Make sure that you don't leave a hole for vermin to get in your house... :()

thanrose
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Joined: Fri Oct 16, 2009 2:01 pm
Location: Jacksonville, FLZone 9A

Re: Gray water

Haha, yeah, no way. Our vermin don't take vacations down here. You might not see the gators or snakes, but they are out there and not so sleepy on our warmer days. I'm thinking the wash water thing could be accessed by tossing through an open kitchen window when you felt like it. Like washing a five pound bag of potatoes once in a while? Probably not that practical, and that's why I have an outside sink that drains out a hose I reposition as desired. Or I had that at my old house.

When my mother made us dump floor washing water outside, we had to lug it through the house and out the back door, over the patio to the lawn, any season in zone 6 NJ. That's not practical either. When I kept fish with a large volume of water that had to be changed each week, I had a plastic hose that I'd take out through the nearest door.

If you are seeing damage to lawn or buildup of soapy scum or solids, you'll know it's too much. It seems like what you want to do is okay. I'd avoid using it on root crops, but don't have a strong reason to do so. I know that roots in general are beneficial in cleaning soil, so I'd expect radishes might taste Downy fresh or something.

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applestar
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Location: Zone 6, NJ (3/M)4/E ~ 10/M

Re: Gray water

I would feel better using more natural laundry and dish soaps. Some harsh and plant-and-environment toxic stuff in those popular brands since they are detergent based with additive chemicals. I would look up human toxicity data for them if planning on using the greywater for edibles.

Personally, with my chemical sensitivity, I can’t use either of those products since they cause near instantaneous reaction. Call me a canary.
Learning never ends because we can share what we've learned. And in sharing our collective experiences, we gain deeper understanding of what we learned.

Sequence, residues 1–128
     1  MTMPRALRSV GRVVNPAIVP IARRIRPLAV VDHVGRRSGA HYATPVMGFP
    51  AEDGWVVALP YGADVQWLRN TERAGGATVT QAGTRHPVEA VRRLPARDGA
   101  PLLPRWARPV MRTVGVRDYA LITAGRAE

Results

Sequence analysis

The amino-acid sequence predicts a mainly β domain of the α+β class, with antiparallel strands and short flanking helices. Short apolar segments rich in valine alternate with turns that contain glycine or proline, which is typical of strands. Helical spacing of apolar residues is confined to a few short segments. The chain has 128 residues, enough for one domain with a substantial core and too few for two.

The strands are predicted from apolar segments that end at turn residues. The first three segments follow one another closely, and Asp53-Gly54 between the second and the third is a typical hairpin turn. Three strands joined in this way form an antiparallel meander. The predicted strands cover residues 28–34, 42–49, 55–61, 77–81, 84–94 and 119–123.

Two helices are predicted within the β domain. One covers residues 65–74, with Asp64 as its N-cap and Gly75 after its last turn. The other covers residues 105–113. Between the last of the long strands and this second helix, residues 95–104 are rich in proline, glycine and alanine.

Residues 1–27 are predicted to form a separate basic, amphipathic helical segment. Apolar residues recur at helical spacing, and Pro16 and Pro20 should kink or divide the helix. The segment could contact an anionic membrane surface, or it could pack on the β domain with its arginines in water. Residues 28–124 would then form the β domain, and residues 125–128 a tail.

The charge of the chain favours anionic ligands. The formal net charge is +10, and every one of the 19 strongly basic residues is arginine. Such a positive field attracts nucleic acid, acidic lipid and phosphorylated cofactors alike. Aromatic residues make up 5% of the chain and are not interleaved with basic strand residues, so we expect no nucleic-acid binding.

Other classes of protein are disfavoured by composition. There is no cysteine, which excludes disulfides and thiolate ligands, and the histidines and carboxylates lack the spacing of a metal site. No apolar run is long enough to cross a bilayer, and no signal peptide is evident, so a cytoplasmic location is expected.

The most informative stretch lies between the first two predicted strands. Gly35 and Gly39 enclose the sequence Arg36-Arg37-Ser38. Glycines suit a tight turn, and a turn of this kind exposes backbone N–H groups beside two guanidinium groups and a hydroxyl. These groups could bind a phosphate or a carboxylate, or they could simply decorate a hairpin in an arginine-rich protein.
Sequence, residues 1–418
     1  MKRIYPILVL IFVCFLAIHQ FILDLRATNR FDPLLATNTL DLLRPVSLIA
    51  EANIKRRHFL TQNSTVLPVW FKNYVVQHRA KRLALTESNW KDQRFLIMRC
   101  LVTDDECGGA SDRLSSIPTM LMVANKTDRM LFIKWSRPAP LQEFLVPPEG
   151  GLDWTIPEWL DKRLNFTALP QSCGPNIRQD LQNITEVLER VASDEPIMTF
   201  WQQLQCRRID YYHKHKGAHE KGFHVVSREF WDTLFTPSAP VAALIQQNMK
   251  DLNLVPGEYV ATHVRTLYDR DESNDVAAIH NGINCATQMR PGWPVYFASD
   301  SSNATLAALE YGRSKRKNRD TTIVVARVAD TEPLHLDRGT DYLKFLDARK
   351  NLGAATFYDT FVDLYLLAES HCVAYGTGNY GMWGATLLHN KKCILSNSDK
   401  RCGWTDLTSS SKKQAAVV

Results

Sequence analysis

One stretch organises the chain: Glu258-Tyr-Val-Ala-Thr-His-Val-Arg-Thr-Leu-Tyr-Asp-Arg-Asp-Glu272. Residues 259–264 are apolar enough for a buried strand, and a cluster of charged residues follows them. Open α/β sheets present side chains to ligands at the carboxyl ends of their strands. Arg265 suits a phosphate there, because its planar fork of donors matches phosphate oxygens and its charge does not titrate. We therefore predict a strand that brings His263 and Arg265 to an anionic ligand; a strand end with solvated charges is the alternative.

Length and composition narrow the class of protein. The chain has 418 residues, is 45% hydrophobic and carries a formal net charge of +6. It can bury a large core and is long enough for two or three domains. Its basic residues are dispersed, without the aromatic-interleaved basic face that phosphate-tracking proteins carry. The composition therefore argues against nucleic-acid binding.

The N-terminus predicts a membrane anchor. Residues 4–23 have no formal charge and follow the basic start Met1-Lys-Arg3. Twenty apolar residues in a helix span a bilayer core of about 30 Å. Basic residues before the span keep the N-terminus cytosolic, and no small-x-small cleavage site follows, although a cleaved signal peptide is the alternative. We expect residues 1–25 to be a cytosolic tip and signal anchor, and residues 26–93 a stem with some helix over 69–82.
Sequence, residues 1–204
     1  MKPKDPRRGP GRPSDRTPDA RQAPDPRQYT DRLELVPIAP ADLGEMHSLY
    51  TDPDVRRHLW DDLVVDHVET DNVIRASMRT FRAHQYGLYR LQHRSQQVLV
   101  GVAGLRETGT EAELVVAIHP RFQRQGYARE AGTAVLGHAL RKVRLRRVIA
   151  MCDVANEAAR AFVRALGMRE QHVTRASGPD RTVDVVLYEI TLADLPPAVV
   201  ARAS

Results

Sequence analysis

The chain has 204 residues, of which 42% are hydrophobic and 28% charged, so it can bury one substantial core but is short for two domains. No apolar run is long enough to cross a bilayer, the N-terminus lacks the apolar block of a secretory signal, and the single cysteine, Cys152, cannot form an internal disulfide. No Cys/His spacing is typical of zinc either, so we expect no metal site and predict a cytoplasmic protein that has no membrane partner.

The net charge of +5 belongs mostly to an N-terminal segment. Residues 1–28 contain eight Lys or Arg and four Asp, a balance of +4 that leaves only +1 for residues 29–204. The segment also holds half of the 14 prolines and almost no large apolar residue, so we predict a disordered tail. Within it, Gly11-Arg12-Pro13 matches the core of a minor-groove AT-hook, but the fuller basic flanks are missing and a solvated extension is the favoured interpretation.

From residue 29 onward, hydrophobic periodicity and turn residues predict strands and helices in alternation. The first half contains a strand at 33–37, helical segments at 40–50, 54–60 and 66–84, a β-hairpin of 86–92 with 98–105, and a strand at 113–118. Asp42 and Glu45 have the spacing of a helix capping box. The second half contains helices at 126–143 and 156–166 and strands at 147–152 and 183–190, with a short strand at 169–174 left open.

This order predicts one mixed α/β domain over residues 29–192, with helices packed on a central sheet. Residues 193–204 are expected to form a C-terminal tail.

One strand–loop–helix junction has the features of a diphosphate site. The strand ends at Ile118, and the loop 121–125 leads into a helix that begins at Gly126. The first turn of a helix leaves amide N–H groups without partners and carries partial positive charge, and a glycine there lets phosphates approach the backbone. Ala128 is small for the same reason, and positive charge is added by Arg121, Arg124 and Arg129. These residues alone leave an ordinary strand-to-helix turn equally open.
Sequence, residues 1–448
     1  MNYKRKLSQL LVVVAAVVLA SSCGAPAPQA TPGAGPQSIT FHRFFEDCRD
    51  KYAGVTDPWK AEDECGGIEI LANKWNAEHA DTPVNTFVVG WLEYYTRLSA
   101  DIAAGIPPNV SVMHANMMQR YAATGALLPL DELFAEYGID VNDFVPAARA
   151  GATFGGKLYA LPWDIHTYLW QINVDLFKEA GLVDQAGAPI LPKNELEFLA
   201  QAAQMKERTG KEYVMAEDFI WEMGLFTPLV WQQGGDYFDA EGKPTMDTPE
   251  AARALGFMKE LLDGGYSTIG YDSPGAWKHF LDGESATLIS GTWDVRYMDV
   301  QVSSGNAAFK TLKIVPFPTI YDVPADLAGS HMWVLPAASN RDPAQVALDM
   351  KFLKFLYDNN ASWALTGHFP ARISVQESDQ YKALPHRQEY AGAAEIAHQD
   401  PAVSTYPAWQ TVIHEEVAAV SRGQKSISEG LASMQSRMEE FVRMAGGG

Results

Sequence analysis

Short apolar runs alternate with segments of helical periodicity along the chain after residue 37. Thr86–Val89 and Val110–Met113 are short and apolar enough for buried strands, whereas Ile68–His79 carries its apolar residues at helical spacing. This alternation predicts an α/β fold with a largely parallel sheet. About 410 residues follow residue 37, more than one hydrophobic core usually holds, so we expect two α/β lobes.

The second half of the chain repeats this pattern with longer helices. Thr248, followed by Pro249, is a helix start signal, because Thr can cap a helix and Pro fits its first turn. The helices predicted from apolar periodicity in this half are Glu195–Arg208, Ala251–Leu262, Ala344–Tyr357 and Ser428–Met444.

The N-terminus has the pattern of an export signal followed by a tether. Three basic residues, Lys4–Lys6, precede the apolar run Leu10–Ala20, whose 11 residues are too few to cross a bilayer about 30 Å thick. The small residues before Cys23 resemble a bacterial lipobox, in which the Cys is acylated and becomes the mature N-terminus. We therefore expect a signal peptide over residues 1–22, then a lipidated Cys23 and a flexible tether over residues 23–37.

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Gary350
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Joined: Mon Mar 23, 2009 5:59 pm
Location: TN. 50 years of gardening experience.

Re: Gray water

1977 I bought my first house, I unhooked, kitchen sink, bathroom sink, shower, laundry from the main sewer line and ran them to 1 common pipe to the garden. I hooked up a plastic PVC valve so drain water could be switched to the garden when needed or to the sewer when not needed. Kitchen garbage disposal was excellent for making compose it would grind up all the kitchen organic scraps, eggs shells, coffee grounds, potato peals, apple peals, carrots pieces, anything organic went down the drain.

NO grease down the drain, that all goes to the dog or in the trash. When my kitchen scraps were not going down the garbage disposal they were going out the back door into a small garden spot near the back door.

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Hillbilly Homer
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Joined: Sun Dec 31, 2017 8:04 pm
Location: USA MO Hardiness zone 5b

Re: Gray water

:D...in winter we mix grease/oil/fat with cooked cracked corn and feed it to the chickens... :D
Never ever do we put grease down the drain!!

Don't think we have anything that is really bad goin down the drain...
:D...The grass is greener over the septic tank... :D